Being: the second in a series of posts about John Smith and Edmund Bagwell’s top British horror comic Cradlegrave.

If you’re going to talk about Cradlegrave, you’ve pretty much got to face up to this image at some point:

Stripped of context it’s just a doll, just a tired horror-movie prop, a signifier of terror rather than something actually terrifying. In context however, this dull prop seems far more potent:

The sense of surprise, that feeling of “what the fuck is that face doing in the middle of this conversation?”, is enough to give the image some fresh charge here.  The last panel of the sequence hints at the answer, but for the duration of the two panels before it you could be forgiven for thinking you were in another, more Lynchian kind of horror story.

Still, even the most bewildering emanations in Cradlegrave trace back to fleshy, non-Lynchian sources, so it’s just as well that there’s more to the this sequence than  lifeless eyes and startling incongruity.

Look into these eyes, and tell me what you see…

Being: the first in a series of posts about John Smith and Edmund Bagwell’s top British horror comic Cradlegrave.

ONE – If you didn’t look past this cover-cum-promotional piece for Cradlegrave, you might think that it was telling a very specific sort of story, the sort of story you might describe as being either “tabloid shit” or “a bit Jamie Delano” depending on which of those two targets was more worthy of disdain.

When I first discussed Cradlegrave back in December, regular comments thread contributor Thrills said he was looking now that he’d got past his concerns that it would “be like that Denise Mina Hellblazer where ‘hoodies’ are ‘demons’.”

Ah, so it’s tabloid shit that smells like Jamie Delano.  The worst of both worlds.  Fuck.

TWO – Despite the fact that the “Fear they Neighbour” text is missing, the cover of the collected edition still aims to make a similar impression:

To my eye, there’s something less real about the four hooded figures in this reformatted cover though.  The overly harsh, pixelated light that gleams off of their shoulders is even more unnatural when set against an all-black background, a background that now seems to expand outwards from the empty spaces where four young faces should be.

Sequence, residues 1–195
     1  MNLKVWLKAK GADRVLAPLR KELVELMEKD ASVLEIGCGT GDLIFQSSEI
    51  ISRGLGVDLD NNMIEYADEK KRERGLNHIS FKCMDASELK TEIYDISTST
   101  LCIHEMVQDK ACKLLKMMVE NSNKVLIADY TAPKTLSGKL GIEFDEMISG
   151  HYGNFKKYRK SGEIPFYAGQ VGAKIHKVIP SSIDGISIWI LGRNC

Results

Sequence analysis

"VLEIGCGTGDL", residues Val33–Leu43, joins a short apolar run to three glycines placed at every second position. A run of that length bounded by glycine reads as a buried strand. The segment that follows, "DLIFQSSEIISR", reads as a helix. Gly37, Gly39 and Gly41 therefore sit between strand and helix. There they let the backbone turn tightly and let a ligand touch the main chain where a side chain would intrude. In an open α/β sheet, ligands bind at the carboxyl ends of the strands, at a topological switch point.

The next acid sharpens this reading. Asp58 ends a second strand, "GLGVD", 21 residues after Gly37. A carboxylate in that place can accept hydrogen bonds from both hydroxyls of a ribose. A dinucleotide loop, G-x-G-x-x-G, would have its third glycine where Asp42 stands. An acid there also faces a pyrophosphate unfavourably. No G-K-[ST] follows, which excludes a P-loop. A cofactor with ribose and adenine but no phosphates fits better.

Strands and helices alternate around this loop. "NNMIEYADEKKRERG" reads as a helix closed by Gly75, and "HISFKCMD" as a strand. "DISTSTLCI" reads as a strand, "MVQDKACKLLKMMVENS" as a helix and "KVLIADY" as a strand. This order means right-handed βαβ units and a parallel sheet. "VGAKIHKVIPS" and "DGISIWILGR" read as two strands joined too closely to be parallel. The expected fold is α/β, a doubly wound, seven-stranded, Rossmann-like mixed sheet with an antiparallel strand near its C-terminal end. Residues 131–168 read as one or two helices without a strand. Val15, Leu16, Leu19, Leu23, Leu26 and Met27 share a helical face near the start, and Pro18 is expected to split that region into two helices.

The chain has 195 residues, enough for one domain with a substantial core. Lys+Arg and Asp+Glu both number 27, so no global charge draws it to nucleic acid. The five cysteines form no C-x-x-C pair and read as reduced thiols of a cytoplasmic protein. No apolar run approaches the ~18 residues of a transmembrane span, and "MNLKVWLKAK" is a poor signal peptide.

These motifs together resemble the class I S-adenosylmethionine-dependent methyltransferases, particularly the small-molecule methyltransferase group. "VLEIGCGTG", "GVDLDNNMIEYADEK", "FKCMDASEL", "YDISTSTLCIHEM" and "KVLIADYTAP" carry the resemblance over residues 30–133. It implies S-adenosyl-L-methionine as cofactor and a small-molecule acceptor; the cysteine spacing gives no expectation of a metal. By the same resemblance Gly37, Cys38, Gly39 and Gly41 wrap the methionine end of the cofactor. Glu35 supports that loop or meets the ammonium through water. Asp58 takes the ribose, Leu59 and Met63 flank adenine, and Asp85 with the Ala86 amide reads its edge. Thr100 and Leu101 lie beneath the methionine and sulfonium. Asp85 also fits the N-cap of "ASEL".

These are absent phantoms, not flesh and blood monsters, and while I wouldn’t want to pretend that they’re being deliberately undermined here I still find it hard to imagine anyone taking them seriously.

The only fear in this image is the fear you bring with you, be it fear of “savage” yoofs or of dehumanising right wing rhetoric…

Click here to drink the black milk… IF YOU DARE!

Indigo Batman: Leviathan Prime

February 6th, 2012

1. Endtroducing

Flashback to 2011 and the world is ending. Again. The signs are easy to interpret now, when they require any interpreting at all: a news anchor blathers away on TV,  building up so much expectation that the large hadron collider, suffering from a fit of performance anxiety, unravels and takes reality with it; meanwhile, under the sea in a parallel Earth, an archaic supervillain announces that he has “hung a deadly necklace of deadly meta-bombs around the world like precious pearls; on the internet, or rather in a dated parody of cyberspace that resembles nothing so much as X-Box live for “edgy” business folk, a rapidly mutating program tries to take over everything.

Responses to this are equally typical: standing in a futile crowd beside a fatbalding awkwardman, a disinterested woman holds up a sign informing everyone that “THE END is NIGH!; a bloodied hero crawls forward, trying to save the world again, knowing that all he has to do is push a button, but that even this might be to much for him now; elsewhere, tough men decide to make tough decisions with predictable results.

I’m talking about Batman Incorporated and Indigo Prime here, because they were the two garish fantasies that played best for my (semi-informed, heavily solipsistic) sense of panic throughout 2011, that end of season finale of a year.

After all, if you feel like everything’s falling apart, sometimes it helps to be able dress these feelings up in twisted words and garish costumes instead of focusing on the garbled socio-economic truth.

Spacetime becomes jelly.

The walls of reality buckle and fold.

Higher Dimensions intrude into the supersymmetry.

Dark Matter condenses as worlds collide.

Mmmmm, yeah, that’s the stuff.

Come down with me.